How to have the conversation about "taking the car keys away" from an aging parent

Almost every caregiver is faced with having the driving "talk."

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One of the biggest rites of passage into adulthood is getting your driver's license!

Do you remember the stress and anxiety you felt when your teenagers began to drive? Were they ready? Could they handle all the steps for changing lanes? Were they likely to be distracted by peers and mobile devices?

We gave them curfews, we told them what roads they were and were not allowed to drive on, we told them how loud they could play their music, and even limited the number of friends they could take in the car. By golly, some of us even had tracking devices on their phones to make sure they did not take detours!

Remember as a teenager thinking you were invincible? You wanted to be trusted but probably secretly wanted some limitations, too.

Fast forward, now you are faced with aging parents.

It's a major role reversal that is truly part of caregiving for loved ones. Almost every caregiver is faced with having the driving "talk." This conversation absolutely terrifies us for so many reasons. What if we don't do something and someone gets hurt? How will my loved one respond to the discussion? How will this conversation impact our lives from a time perspective?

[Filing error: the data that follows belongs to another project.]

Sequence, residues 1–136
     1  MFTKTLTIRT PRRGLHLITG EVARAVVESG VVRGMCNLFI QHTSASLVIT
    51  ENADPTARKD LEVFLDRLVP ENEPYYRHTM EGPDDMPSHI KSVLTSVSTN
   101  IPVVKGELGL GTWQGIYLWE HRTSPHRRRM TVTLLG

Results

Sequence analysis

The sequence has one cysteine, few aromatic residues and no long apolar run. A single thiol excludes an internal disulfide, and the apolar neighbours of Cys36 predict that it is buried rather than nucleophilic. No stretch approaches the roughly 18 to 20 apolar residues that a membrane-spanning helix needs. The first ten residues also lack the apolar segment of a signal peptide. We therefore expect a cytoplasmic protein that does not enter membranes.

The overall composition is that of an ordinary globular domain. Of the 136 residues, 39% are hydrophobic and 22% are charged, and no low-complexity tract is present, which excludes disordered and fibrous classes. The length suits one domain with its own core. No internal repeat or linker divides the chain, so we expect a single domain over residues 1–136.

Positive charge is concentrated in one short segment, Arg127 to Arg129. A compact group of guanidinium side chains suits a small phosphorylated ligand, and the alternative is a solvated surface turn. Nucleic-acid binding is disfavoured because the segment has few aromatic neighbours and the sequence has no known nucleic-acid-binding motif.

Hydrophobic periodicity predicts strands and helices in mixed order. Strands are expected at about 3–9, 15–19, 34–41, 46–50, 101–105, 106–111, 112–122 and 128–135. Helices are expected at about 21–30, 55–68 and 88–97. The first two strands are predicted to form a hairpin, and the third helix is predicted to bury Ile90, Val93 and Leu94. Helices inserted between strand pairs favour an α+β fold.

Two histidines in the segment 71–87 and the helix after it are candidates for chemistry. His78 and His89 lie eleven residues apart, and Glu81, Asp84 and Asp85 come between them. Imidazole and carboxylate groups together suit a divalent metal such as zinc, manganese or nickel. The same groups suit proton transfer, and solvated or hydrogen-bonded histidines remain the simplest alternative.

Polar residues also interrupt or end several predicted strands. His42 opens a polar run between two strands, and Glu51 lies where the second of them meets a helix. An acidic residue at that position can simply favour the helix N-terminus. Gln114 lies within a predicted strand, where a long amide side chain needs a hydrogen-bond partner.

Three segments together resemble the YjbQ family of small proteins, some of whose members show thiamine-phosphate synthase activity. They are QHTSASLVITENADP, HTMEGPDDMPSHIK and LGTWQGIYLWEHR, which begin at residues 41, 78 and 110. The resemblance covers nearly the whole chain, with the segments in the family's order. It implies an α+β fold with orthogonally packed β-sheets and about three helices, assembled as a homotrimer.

We all secretly wish our parents would just realize they should not be driving anymore but most people feel like they're still able, often rationalizing by saying, "I only drive to church," or "I'm just going around the corner to the post office." If you decide to have a driving assessment completed by your loved one, you may learn short distances are actually fine, or maybe even daytime driving only is acceptable.

In 2015, there were more than 40 million licensed drivers ages 65 and older in the United States. Driving helps older adults stay mobile and independent. But the risk of being injured or killed in a motor vehicle crash increases as you age. In 2015, more than 6,800 older adults were killed and more than 260,000 were treated in emergency departments for motor vehicle crash injuries.

This amounts to 19 older adults killed and 712 injured in crashes on average every day. There were more than 40 million licensed older drivers in 2015, which is a 50 percent increase from 1999.